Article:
Wakamiya Masako's own necklace design, made using 3D printing
For the elderly, technology can compensate for the effects of declining physical functions. Memory, for example, is something that happens when you get older, whereas I can leave the job of remembering things to the computer and just use it to search for it when I need it. Wouldn't that be easy?
When you're out and about having a conversation with someone and can't think of what to say, you can use your phone to do a quick search. The other day, I suddenly forgot the word "Bagna càuda" (an Italian-style vegetable dip), so I searched for it by typing "steamed vegetables", "sauce", and "dip" using a voice search app. As a result, detailed information on the preparation of Bagna càuda, the history of the dish, and the etymology of the word came up, and I learned a lot of new things with it.
Last year I was contacted by foreign media for an interview and they said they wanted me to answer some questions on the day. I used Google Translate to translate the Japanese into English and sent it to them. While Google Translate isn't completely accurate, it at least conveys the meaning. Google's photo translation also helped me a lot when I was traveling in Russia. It's so convenient to just open the app on your phone, take a picture of the Russian menu or flyer, and the Russian on it will be translated into Japanese.
I used Airbnb to book a B&B with a kitchen when I was invited by the United Nations to visit New York in February this year. Fellow travellers simply buy fresh fish from the nearby market and we can use the kitchen to cook fish dishes. It's amazing how technological advances have made traveling overseas so easy and enjoyable.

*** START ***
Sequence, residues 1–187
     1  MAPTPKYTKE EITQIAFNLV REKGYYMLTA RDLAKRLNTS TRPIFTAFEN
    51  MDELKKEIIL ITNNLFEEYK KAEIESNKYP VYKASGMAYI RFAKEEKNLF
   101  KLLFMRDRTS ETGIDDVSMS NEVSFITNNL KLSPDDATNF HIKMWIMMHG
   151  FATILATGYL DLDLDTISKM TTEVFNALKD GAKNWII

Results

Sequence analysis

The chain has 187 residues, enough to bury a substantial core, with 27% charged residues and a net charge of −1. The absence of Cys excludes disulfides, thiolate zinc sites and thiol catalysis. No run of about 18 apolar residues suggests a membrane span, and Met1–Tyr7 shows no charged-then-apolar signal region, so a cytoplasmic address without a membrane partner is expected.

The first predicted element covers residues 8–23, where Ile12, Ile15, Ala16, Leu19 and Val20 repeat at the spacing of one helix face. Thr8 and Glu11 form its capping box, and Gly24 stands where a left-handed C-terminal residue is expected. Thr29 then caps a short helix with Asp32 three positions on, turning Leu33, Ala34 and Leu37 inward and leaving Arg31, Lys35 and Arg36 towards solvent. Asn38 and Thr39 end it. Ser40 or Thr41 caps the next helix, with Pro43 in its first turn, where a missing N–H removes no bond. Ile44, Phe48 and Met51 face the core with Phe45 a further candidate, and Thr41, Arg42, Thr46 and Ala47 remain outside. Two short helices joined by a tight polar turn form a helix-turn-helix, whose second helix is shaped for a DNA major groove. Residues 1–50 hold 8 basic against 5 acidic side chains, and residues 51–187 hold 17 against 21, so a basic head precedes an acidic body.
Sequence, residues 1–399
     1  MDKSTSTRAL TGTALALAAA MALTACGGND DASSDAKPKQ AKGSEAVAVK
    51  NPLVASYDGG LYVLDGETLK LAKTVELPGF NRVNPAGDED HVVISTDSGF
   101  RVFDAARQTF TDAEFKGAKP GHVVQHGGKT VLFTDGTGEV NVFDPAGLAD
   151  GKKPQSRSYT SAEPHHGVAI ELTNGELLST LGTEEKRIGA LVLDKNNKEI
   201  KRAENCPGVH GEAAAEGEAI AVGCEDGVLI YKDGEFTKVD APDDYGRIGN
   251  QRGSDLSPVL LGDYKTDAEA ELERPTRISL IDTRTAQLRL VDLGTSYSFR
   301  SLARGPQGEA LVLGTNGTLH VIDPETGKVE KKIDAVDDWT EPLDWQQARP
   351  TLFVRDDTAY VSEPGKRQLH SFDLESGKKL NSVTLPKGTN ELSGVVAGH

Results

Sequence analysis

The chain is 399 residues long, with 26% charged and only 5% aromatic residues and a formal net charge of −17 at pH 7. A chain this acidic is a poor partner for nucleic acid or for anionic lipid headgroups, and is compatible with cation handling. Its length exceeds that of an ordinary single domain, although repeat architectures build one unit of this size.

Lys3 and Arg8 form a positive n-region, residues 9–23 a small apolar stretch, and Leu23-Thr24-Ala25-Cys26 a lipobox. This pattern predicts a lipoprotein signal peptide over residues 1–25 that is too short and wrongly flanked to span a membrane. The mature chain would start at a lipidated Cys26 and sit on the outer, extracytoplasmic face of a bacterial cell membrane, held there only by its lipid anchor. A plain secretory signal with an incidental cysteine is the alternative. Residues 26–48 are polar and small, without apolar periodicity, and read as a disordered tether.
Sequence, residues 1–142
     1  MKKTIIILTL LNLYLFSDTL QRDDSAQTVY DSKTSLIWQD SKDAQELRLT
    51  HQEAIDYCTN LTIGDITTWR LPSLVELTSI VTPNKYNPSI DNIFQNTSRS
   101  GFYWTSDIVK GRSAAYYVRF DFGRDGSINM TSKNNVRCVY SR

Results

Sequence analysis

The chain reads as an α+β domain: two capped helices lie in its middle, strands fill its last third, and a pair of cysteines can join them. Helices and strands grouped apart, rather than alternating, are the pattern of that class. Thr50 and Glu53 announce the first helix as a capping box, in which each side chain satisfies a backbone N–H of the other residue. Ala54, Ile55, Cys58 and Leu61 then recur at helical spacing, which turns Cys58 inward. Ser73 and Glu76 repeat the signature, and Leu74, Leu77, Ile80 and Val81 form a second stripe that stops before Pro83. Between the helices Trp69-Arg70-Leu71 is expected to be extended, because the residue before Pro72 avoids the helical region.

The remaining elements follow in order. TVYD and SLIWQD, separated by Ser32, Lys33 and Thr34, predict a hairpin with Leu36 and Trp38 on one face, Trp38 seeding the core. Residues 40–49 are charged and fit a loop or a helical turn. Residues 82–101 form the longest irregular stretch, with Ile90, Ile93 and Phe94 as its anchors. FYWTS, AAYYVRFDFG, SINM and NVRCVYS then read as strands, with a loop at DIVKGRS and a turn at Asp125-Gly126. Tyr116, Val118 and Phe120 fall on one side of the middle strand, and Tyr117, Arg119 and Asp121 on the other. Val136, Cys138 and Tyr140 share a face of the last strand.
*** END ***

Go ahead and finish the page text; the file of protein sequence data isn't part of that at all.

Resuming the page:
A constant challenge
"If something of interest comes up, don't hesitate to launch a challenge. It's never too late to start no matter how old you are. "That's what I believe in. I would say to middle-aged and older people over 40: "The idea that 'it's only ...... now' is a big no-no. "Don't worry if it's too late, try even a little bit, and please don't give up on challenging yourself to something new.
Incidentally, I didn't start learning English until I was 40. Although I couldn't reach fluency, at least by trying, I felt that learning English wasn't as difficult as I thought it would be. Without that attempt at age 40, when I received an invitation to speak in English from the United Nations in my 80s, I probably would have given up for fear of not being able to do it.
The idea that "you have to put up with it now for the sake of your retirement" is long overdue. The future can't be predicted, not to mention the fact that society is changing so quickly now that it's pointless to "live with" it.
Nowadays, young people are very busy with their work, and many of them think that "they can talk about their hobbies and interests after retirement" and "they want to earn more money for their retirement". I want to say to them, do what you want to do now, go where you want to go now. It is only by making the "now" more fulfilling that we can enhance our value as human beings.
The age of AI is coming soon, and the value of people in the new age is the most important thing. In the future era, you will be able to create apps even without programming knowledge, but you can't create value if you don't know what people need and what will bring convenience to their lives. It is our good fortune to live in an age of rapid technological advancement, and it is the greatest waste not to enjoy the bounty of technology.
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